- 1/4 peat, coir, or rice hulls
Soil mix #4: 1/3 compost
- 1/3 garden soil
- 1/3 builder’s sand
- Soil mix #5: 4 parts commercial potting soil
- 1 part compost
Special Houseplant Soil Additives
Worm castings are a valuable addition to any potting soil or soil-less potting mix is a tremendous advantage for houseplants. Vermicompost may be the single best extra additive because of its high nutritional value. Leaf mold is another excellent soil stabilizer to consider adding to potting soils.
Why Not Peat Moss?
Peat has been one of the favorite soil additives for many years. Peat Moss capable of absorbing 10-20 times its weight in water. Along with beneficial bacteria, it contains a natural fungicide that is a barrier to several troubling fungi including damping off, which is the bane of a seed-starters existence. For this reason, using peat in special seed-starting soil is optimal.
One of the favorite places for gardeners to use it in is potting soil. It’s a natural product that’s harvested from ancient cold-climate peat bogs in Canada, Europe and parts of the United States. Unfortunately, these bogs are being destroyed with all the harvesting or mining of the peat. This causes permanent and destructive changes in the eco-system including the loss of habitat for creatures whose lives depend on these peat bogs.[amazonjs asin=”B0000CBITW” locale=”US” title=”Hoffman 15503 Canadian Sphagnum Peat Moss, 10 Quarts”]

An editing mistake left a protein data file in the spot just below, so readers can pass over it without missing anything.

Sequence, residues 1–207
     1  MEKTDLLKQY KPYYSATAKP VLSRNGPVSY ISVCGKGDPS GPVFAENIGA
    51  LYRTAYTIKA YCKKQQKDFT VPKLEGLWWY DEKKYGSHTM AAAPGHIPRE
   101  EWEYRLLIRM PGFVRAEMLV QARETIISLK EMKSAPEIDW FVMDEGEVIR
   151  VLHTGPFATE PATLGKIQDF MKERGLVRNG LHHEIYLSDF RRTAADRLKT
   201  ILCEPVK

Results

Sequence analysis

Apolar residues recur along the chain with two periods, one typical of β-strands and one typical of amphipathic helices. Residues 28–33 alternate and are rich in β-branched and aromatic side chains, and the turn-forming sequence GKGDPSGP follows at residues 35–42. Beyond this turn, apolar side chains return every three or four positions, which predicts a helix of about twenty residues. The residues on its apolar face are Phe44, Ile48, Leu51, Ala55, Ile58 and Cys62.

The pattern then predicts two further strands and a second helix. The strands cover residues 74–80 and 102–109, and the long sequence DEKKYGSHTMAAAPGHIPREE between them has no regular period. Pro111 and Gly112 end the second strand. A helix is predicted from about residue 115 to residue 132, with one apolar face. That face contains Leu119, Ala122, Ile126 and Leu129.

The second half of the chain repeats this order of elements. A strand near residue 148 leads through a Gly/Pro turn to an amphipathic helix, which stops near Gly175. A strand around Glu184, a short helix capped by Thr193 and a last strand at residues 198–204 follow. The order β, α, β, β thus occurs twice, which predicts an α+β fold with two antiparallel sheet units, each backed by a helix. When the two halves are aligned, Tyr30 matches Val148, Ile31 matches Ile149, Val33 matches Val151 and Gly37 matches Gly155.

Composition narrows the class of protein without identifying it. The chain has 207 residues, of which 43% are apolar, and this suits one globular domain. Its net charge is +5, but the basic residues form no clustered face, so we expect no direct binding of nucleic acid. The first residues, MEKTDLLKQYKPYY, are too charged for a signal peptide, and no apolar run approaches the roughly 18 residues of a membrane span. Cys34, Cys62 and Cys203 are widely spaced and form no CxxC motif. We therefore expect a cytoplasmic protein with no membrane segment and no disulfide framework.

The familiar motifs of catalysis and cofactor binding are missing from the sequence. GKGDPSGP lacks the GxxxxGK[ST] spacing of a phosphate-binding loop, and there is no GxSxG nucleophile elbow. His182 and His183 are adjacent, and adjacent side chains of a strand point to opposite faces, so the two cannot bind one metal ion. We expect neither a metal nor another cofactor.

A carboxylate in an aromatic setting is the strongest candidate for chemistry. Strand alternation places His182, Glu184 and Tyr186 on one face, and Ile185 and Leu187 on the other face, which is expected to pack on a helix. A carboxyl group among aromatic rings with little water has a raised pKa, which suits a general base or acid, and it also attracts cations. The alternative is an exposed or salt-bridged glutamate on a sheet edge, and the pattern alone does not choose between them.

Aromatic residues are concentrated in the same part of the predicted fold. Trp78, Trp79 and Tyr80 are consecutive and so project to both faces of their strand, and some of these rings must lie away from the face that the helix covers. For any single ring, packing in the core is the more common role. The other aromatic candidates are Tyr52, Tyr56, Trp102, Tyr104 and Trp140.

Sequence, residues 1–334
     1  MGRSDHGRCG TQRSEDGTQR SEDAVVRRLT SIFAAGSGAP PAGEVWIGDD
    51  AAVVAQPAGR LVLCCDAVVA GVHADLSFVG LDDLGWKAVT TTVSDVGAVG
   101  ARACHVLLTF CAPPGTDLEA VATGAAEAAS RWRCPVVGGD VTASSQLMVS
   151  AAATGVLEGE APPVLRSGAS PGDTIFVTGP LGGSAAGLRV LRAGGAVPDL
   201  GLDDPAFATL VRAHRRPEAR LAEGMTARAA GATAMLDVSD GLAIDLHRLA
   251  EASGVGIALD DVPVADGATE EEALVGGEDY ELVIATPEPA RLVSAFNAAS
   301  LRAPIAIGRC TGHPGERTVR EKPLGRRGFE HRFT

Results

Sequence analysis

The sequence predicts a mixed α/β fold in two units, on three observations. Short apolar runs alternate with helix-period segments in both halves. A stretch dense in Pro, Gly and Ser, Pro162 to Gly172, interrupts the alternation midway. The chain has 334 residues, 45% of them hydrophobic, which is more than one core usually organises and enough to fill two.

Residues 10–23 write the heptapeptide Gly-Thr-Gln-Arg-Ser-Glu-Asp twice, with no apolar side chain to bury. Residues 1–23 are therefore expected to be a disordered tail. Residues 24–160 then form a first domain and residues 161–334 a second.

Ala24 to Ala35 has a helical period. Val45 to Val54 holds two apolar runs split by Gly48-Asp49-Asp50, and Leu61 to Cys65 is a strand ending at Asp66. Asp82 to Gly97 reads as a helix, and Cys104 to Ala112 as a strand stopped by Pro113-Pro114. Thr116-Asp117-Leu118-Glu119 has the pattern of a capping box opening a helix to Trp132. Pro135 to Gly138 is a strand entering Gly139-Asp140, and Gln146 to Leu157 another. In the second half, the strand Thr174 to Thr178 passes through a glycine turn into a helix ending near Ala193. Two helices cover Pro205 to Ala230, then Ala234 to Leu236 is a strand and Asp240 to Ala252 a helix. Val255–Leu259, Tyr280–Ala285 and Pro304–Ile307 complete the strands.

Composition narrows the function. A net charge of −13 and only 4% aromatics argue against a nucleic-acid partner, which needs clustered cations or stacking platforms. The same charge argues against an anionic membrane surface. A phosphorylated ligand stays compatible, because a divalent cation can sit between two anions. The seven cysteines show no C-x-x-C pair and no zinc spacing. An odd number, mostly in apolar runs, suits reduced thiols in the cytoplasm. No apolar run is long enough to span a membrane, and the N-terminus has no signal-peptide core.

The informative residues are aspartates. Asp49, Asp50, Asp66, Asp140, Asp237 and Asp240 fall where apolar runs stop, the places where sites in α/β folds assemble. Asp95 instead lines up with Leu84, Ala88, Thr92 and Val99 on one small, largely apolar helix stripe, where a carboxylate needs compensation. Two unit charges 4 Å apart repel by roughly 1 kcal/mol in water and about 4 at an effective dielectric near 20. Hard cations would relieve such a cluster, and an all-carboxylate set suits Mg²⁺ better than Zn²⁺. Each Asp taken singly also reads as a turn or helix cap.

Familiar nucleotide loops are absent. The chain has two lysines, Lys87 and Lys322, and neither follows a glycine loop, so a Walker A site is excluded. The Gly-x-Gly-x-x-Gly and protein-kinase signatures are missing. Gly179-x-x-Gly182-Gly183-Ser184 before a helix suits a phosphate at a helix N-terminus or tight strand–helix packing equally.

The use of peat (at least to excess) is no longer considered an environmentally sound practice. It’s treated as a non-renewable resource because although it is technically renewable, peat moss takes about 1,000 years for a bog to grow 1 yard of peat. This makes it un-renewable in a lifetime or even a grandchild’s lifetime.
The Peat Moss Alternatives
There are a couple of effective alternatives to using peat in our potting mixes.
Coir – (pronounced koy-er) is the hairy outside layer of husk that surrounds the coconut shell. You may have heard of it referred to as “coco-peat” or “coir-peat”. What makes this product environmentally friendly is that it’s simply a by-product of the coconuts that are grown for their meat. Husks that would be otherwise disposed of as waste.
Coir comes in blocks that expend like crazy when soaked. Coir can be used as a planting medium, but it needs to be blended with a nutritional component such as compost. There’s not much nutritional value in coir by itself. A slow-release fertilizer may also be added to the soil mix. Coir retains moisture extremely well and is more eco-friendly than it’s peat counterpart It’s shipped dehydrated making it lightweight.
Rice Hulls – Rice hulls are a good alternative to peat as they lighten the soil, absorb water well, and offer good drainage. Before rice grains are converted (parboiled) or polished, they are dried and then hulled. Hulls that would otherwise be tossed out, can be used as a soil-less medium just like coir or peat. They’re very thin and nearly weightless.
They can be added in potting mixes, but even on their own they have merit as a soil amendment by both aerating and retaining water. Rice hulls are a nice alternative to peat as it’s much cheaper (not to mention easier) to gather rice hulls as opposed to harvesting peat moss.
Commercially bagged potting soils are expensive, so mixing plant mediums at home saves money for the indoor gardener.